“The life of the law has not been logic; it has been experience.”
-Oliver Wendell Holmes, Jr.
McKenna Employment Bulletin – May 2012
Prior Direct Evidence Statement Can Support Retaliation Claim
In Hicks v. Forest Preserve Dist. Of Cook County, Ill., No. 11-1124, April 18, 2012, U.S. Court of Appeals, Seventh Circuit, the employee alleged that the employer demoted the employee in retaliation for the employee having participated in an investigation of a co-worker's discrimination claim, as well as for having filed his own discrimination claim. The plaintiff’s supervisor had told others that the employee and a co-worker needed to be gotten “rid of” because they had lodged discrimination claims against that supervisor. The employee’s demotion resulted in a $9 an hour reduction in pay. The Court found that reduction sufficient to constitute an actionable adverse action. The Court further found that the supervisor's remark, although it came 22 months prior to the plaintiff’s termination, supported a retaliation claim because the substance of the statement constituted direct evidence of retaliation. In addition, the Court found that just because the supervisor and plaintiff did not enjoy an ideal working relationship, that did not preclude the Court from ordering that the plaintiff be reinstated to his old position under the supervisor.
Supervisor'S Prior Statement Did Not Support A Discrimination Claim
In Dass v. Chicago Board of Education, Nos. 10-3844 and 11-1104, April 12, 2012, U.S. Court of Appeals, Seventh Circuit, judgment was entered for the employer in the employee’s Title VII and Section 1981 action alleging that the employer failed to renew the employee-teacher's contract on account of her national origin. The employer based its decision on its perception that the employee could not control the children in her classroom. The Court held that the plaintiff could not base any discrimination claim on the employer’s decision to assign her to teach a seventh-grade classroom as opposed to the employee’s third-grade classroom. This was because the assignment did not constitute an adverse action. In addition, the fact that the supervisor-decision maker made a statement 10 months prior to the decision not to renew the employee’s contract that the employee should look for a job on the North Side of the City where most Indian children go to school was too remote to constitute direct evidence of discrimination. Finally, the plaintiff also failed to provide any evidence that the rationale for the decision not to renew her contract, that she could not control the children in her class, was untrue.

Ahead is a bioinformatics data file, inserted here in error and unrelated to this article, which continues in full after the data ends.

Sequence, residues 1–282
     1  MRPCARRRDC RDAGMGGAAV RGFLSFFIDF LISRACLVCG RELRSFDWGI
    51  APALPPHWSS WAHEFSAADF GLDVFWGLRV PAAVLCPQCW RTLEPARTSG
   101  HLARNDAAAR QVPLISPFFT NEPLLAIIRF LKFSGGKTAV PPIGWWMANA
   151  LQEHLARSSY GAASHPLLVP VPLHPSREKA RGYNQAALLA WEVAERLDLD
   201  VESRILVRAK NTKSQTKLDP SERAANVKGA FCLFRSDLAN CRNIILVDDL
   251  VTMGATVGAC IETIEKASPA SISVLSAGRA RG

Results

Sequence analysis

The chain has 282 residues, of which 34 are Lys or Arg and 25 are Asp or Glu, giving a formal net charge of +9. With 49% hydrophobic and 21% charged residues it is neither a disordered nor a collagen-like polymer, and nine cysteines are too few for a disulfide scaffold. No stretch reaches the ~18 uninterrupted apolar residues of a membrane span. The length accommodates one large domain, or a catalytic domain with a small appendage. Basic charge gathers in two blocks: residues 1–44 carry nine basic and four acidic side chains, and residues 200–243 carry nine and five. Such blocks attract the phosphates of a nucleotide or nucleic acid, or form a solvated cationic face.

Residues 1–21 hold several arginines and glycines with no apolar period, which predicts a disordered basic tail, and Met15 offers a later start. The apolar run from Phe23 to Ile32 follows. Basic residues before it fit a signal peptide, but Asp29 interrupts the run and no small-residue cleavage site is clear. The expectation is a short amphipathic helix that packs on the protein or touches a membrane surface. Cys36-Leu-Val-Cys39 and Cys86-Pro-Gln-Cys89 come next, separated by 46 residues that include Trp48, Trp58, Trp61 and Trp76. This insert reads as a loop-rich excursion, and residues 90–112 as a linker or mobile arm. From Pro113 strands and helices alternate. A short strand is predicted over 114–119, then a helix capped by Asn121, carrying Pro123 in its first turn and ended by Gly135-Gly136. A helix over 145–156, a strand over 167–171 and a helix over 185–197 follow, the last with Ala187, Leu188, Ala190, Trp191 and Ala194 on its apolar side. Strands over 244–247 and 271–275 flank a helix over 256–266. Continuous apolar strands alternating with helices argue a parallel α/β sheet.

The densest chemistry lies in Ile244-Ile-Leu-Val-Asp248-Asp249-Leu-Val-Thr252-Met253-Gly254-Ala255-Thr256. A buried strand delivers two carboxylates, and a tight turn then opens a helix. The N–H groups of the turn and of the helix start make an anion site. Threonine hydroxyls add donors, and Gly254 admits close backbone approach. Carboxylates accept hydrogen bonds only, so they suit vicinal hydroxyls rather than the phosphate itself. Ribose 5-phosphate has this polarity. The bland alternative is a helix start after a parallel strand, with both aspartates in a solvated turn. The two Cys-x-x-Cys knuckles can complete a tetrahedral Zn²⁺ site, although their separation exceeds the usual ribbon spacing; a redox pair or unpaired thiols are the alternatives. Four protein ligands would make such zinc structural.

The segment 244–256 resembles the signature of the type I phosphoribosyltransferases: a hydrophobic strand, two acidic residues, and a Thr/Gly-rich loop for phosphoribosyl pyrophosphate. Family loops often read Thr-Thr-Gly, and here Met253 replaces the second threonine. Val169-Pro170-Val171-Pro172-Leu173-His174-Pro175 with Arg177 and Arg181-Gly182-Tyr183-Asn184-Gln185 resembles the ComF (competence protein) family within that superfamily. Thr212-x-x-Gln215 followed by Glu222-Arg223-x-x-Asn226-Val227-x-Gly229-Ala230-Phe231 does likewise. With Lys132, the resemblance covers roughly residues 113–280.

A Policy Enforcing A “Standard” Leave Of Absence May Violate The Ada
Some employers have policies that state if an employee has been on leave of absence for a specific period of time, the employee is administratively terminated. The EEOC has taken the position that this kind of policy violates the ADA. The agency’s position is that where an employer terminates an employee after a “set” period of time, this does not require the employer to make an individualized assessment of the disabled employee’s need for additional accommodation, following the “normal” leave period. The EEOC feels that accommodation could take the form of still more leave. The EEOC expects an employer to modify its “no-fault” leave policy if a disabled worker requires additional time off. The EEOC wants the employer to engage in a dialogue and analysis that leads to a credible claim of “undue hardship” before it denies the request for further leave. The EEOC feels the following potential grounds for denial of the additional-leave accommodation based on undue hardship could be:
The company demonstrates it is unable to meet its production goals;
It is unable to properly serve its customers;
It will incur significant added costs, due to overtime or hiring of temps;
Coworkers will be forced to shoulder the absent employee’s job responsibilities to the neglect or detriment of their own; or
The disabled worker is unable to provide a definitive return date.
The EEOC emphasizes that the simple inability to state a definitive return date may not be enough to establish this employer defense.
Salary Differences Based On Salary History At A Prior Employer Are Not Discriminatory
In Keeton v. Morningstar, Inc., No. 11-2298, January 13, 2012, U.S. Court of Appeals, Seventh Circuit, the employee alleged in Title VII and Section 1981 actions that the employer discriminated against the employee on account of her race when it paid the employee less salary than what it had paid others doing comparable work. The employee also alleged that the employer retaliated against the employee for complaining about being treated differently than her co-workers. However, the salary differences between the employee and her co-workers were based on the co-workers’ prior salary history at the time the co-workers were first hired by the employer. The wage increases given to the co-workers by the employer were based on job performance. Furthermore, the employee failed to show that she had engaged in protected activity to support retaliation because her complaint to management did not mention any race or any protected classification as a motivation by any actions taken by management. Therefore, the Court affirmed entry of judgment in the defendant-employer’s favor.
Categories Employment Bulletin Publications
This Employment Bulletin is intended to provide information of general interest and does not constitute legal advice. Readers should consult with their counsel before taking any action based on the information in this publication. All rights reserved. Copyright 2013, McKenna Storer.